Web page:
4. The method according to claim 3 wherein the temperature of said combustion mass is maintained by regulating the rate of fuel, sludge combustion air and moisture supplied thereto; and the temperature in said freeboard is limited by spraying water thereto.
5. The method according to claim 3 in which cooler gases are injected into said freeboard to assist in temperature control therein.
6. The method according to claim 3 in which said certain waste material comprises at least one heavy metal selected from a class consisting of metals which fume at a temperature below the temperature required to effect complete sludge combustion in said combustion mass and burning of gases in said freeboard; and said temperatures in said combustion mass and said freeboard are maintained below said temperature at which said heavy metal fumes.
7. The invention according to claim 6 in which the temperature in said combustion mass is controlled by regulating the rate of addition thereto of sludge, moisture, combustion air and auxiliary fuel.
8. The invention according to claim 6 in which the temperature in said freeboard is limited by the injection thereinto of water.
9. The method according to claim 8 in which at least part of the temperature limitation in the freeboard is effected by injection thereinto of conditioned relatively cool gases derived from scrubbing and cooling of gases discharged from said freeboard.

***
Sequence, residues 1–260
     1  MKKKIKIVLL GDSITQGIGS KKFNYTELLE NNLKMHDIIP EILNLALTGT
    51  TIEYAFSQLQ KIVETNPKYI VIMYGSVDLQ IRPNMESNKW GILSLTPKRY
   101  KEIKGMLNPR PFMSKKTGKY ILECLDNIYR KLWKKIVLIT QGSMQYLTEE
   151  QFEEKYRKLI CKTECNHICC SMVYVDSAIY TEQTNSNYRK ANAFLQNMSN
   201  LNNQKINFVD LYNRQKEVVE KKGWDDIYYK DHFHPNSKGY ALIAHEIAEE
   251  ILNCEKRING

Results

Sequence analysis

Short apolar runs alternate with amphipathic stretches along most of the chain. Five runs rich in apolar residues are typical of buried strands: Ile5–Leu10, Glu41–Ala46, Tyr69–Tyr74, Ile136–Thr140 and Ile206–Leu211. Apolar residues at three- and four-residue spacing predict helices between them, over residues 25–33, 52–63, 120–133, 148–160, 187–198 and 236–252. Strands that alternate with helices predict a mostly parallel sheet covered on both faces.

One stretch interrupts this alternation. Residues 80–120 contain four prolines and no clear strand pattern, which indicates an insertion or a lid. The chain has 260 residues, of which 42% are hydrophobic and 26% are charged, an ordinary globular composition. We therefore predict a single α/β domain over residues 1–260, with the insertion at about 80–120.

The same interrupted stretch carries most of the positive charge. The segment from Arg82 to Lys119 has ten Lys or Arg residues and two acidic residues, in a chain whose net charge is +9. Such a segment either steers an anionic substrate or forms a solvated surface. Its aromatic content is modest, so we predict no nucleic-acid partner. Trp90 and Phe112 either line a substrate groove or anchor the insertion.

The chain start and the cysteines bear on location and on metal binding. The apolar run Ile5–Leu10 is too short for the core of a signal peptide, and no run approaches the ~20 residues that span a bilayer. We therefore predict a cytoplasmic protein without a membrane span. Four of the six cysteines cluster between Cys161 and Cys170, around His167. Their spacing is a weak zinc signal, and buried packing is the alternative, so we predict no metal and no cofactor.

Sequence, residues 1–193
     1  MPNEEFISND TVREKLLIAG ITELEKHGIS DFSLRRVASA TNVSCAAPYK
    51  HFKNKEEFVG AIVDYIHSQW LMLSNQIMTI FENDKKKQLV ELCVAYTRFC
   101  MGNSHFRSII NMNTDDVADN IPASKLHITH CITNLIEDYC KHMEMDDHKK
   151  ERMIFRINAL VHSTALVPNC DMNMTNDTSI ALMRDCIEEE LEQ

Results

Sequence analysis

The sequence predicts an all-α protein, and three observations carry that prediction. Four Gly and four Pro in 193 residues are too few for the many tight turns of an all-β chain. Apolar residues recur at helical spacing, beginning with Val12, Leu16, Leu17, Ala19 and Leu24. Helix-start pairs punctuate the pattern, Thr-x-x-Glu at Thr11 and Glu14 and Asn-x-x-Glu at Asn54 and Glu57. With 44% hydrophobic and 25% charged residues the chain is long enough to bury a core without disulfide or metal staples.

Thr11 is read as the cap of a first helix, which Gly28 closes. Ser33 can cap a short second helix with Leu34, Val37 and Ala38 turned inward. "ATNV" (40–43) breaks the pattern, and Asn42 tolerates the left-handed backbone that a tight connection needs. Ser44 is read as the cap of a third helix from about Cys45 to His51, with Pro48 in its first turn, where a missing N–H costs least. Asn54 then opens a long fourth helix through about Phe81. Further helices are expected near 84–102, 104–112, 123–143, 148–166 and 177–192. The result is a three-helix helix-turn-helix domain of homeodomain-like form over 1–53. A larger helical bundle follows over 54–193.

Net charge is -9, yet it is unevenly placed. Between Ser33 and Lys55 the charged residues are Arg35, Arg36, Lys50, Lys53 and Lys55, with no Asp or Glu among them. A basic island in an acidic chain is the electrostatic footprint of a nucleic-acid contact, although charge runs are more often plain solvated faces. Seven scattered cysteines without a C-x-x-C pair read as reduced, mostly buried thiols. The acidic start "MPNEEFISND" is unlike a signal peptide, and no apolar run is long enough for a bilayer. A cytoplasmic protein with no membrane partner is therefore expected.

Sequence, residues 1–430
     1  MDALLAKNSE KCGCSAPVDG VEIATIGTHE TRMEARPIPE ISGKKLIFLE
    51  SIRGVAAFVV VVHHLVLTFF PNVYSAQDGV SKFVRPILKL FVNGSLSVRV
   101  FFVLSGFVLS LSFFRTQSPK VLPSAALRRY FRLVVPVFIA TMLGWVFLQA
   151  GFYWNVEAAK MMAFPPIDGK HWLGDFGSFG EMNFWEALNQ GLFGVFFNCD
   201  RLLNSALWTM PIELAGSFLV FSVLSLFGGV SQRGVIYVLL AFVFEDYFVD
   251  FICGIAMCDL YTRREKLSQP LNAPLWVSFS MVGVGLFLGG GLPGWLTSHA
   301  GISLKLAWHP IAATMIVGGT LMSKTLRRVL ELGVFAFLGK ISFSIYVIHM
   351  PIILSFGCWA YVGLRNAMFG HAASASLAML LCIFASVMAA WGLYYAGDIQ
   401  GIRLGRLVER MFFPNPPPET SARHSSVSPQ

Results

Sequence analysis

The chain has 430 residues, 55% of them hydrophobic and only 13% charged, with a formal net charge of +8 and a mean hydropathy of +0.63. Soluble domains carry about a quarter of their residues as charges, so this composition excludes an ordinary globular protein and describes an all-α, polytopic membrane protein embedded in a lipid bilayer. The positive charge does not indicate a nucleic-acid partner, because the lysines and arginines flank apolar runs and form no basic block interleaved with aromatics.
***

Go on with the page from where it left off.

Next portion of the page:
10. An apparatus for the single stage incineration of waste organic sludge and disposal of resulting gases by burning which apparatus includes a furnace with a single combustion bed overlain by a gas-filled freeboard and in which sludge is burned in the combustion bed and gases are subjected to afterburning in the freeboard; a pre-heater in which gases discharged from the freeboard preheat combustion air entering the furnace; and a gas scrubber and cooler located to receive gases from the preheater and from which scrubbed-cooled gases are released to the atmosphere; the improvement enabling said apparatus to effect incineration of sludge containing low melting eutectic materials and/or fumeable undesirable heavy metals, which improvement comprises temperature control means for limiting temperatures in said combustion bed and said overlying freeboard to be below the melting temperature of any significant eutectic content of sludge burned in said combustion bed as well as below the fuming temperature of any undesirable heavy metals in said sludge; a gas afterburning means comprising an afterburner combustion chamber with suitable fuel supply and fuel burners; a first conduit connecting the outlet of said gas scrubber and cooler with the interior of said afterburner combustion chamber; a second conduit for conducting gas from said afterburner combustion chamber for eventual release to atmosphere; and heat exchange means associated with said first and second conduits for preheating scrubbed and cooled gases ahead of said afterburner combustion chamber and for cooling the gases conducted from said afterburner combustion chamber by said second conduit before release of said gases to the atmosphere.